Six Steps To Controlling Your Emotions - Step 1

The “Six Steps” came to me many years ago when I realized there was a process I was undertaking every time I encountered a negative episode. The first step is the initial reaction we “feel” when experiencing anything unpleasant and often it is real, but sometimes it is not coming from the present situation, or it is not the emotion we believe it to be. The following article may offer some insight into how we react and respond and what we can do to try and alleviate the negative emotions that encompasses our lives and sometimes defines who we are.

Step One - Reaction—What Is It That I Am Feeling?

When trying to “get a grip” of a situation and ourselves, we first need to determine what exactly it is that we are feeling. The second you start to feel an emotion, you need to immediately name it and own it. Most often, we start to feel and then look for something to blame it on, but if we gave ourselves a moment or two to react honestly, we could stave off some pretty unpleasant reactions.

PerceptionWhen my daughter Heather was 14 years old she gave me the scare of my life. She also gave me a profound insight into who I was and how I handled stress. It was dusk and she was not home yet from a bike ride. As the sun dropped behind the horizon, I became increasingly angry and started to pace wildly from one side of our one-acre front yard to the other. “Where is she?” I was chanting, “I distinctly told her to be home before dark!” My anger, I convinced myself, was due to her insensitivity to my feelings and her disobedience of the house rules. “How many times do I have to tell her not to be out late? What is it going to take to get her to listen?” Her behavior was my focus, but underlying that issue was pure panic. It was dark and deserted. We lived at that time in the middle of nowhere with no street lamps, and winding, wooded roads. I was not in tune with the alarms going off in my head, but there was no mistake about it…I was petrified. 

Suddenly a squeaking noise caught my ear and as I strained to see through the darkness, my daughter appeared, struggling across the lawn, disoriented, crying and pushing her mangled bicycle. For a second, I didn’t have an understanding of what was going on, but even if I did, I don’t think it would have mattered. My diatribe started the second she came into view and it didn’t stop until she was close enough for me to see the disheveled state she was in. “What the hell did you do to yourself?!” I screamed at her. “Why are your clothes ripped? Where is your helmet? How many times have I told you never to ride your bike without a helmet?!” “I was riding down the hill”, she sobbed, “and talking on my cell phone. I didn’t see the pot hole and my bike hit it and I fell into a ditch. I’m so sorry Mommy! I’m so sorry!” I yanked her by the arm and started to take her inside, but she pulled it away and instead was guiding me toward the road. “I’m so sorry Mommy, but we have to go back!” “Why would we need to do that?” I screamed in disbelief. “Because, I lost my cell phone!”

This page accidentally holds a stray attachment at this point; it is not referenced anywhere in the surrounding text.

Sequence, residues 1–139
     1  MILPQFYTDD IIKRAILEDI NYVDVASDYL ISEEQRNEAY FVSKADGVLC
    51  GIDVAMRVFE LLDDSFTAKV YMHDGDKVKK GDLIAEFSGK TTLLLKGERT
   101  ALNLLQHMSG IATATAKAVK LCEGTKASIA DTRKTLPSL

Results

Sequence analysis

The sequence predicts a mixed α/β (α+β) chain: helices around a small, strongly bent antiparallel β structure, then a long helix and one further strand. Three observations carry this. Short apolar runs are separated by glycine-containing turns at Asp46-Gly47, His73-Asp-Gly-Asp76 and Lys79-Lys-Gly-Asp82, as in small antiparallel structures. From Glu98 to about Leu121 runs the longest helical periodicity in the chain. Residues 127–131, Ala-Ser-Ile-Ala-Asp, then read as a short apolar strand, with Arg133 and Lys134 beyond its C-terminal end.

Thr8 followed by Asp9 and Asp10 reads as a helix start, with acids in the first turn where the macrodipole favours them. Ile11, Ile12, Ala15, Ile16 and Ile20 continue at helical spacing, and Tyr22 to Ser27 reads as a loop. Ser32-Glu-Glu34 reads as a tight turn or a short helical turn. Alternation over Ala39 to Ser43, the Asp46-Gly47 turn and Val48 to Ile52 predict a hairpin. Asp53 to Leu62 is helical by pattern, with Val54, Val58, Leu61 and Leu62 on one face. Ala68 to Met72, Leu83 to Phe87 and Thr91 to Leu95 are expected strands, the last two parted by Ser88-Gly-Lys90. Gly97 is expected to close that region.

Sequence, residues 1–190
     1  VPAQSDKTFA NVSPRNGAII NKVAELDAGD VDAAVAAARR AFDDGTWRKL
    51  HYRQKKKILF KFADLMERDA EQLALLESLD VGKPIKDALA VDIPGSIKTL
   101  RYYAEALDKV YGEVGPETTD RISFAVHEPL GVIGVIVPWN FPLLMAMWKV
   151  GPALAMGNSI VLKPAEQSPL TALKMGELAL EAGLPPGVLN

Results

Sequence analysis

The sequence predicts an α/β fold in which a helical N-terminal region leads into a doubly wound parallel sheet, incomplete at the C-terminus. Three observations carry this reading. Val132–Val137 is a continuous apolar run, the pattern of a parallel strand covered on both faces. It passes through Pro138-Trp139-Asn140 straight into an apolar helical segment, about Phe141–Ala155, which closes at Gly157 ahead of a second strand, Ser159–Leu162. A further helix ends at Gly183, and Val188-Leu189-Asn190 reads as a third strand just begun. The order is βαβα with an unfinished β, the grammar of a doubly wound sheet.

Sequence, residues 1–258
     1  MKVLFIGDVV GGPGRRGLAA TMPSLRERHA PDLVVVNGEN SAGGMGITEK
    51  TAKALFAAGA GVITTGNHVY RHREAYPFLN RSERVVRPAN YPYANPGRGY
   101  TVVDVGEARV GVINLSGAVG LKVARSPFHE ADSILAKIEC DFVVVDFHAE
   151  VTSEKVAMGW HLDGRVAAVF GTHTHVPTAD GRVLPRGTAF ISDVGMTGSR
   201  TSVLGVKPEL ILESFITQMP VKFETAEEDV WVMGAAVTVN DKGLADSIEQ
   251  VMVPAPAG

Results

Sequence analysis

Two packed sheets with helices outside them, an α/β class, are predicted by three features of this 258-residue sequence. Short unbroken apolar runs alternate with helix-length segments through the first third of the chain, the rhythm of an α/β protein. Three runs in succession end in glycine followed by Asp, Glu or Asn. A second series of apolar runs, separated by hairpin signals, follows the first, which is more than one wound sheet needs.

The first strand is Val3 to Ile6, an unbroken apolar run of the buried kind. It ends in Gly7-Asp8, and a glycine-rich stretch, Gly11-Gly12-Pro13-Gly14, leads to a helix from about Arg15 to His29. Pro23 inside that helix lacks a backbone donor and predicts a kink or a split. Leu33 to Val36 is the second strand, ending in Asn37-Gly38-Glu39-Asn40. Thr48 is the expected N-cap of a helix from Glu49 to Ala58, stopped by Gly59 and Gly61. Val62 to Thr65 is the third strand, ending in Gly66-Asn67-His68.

That was all I needed to hear to throw me over the edge. This was my daughter’s seventh cell phone in three years. Having lost or destroyed every one of them in the most inane circumstances (one dropped in a toilet, another run over by a car, still another soaked in a washing machine, and my favorite, “It fell out of my pocket when I was on the Ferris wheel!”) There was no consoling me at this point and the next half hour proved to be the worst mothering experience of my life. As the dark of the night got to us, we returned home, her without a cell phone, and me without a voice. As we entered the house and the light, I caught site of her dirty face, completely swollen and red from tears, and noticed a dark stain on her blonde hair. It was blood. I pulled her towards me and tried to find its source. To my horror, her ear was hanging off of her head!

Even to this day, I cannot write these words without crying in sorrow at my behavior. It hurts to know I could react so horribly to my child, but the fact is that I was not in control. I was also not angry. I was terrified and that was the day I learned how I handled fear. The mere thought of her being harmed in anyway set a reaction through me that came out in the form of rage, but that was my mask, not my reality. Yes, I was pissed that she didn’t listen, but she has not obeyed me time and again about many issues. The truth revealed that I was leading a life in complete denial of fear. In order to function daily, I put on a false bravado that came off in the form of strength and power. In reality, I could not fathom her being harmed or missing, and not having control over her safety was causing the explosive reaction.

Ten hours later we were home from the hospital only to sit in our own silence away from one another’s guilt and sadness. I took me some time to come to grips with my violent, insensitive reaction. Although it is human to blame others for our emotions, it is never anyone’s “fault” for how we feel. My daughter’s behavior could have just as easily caused anxiety instead of anger, but it didn’t. All of my life incidents, dramas, and traumas have molded me and my emotional state. It is up to me to stop my primary reaction to any incident I encounter, and it is the first step we all need to initiate in order to control the outcome of our life experiences. In the years following, I understood and accepted my anger and began to get in touch with my fears. Heather’s ear healed nicely, as did our relationship, and my reaction, well let’s just say, it has never been the same since.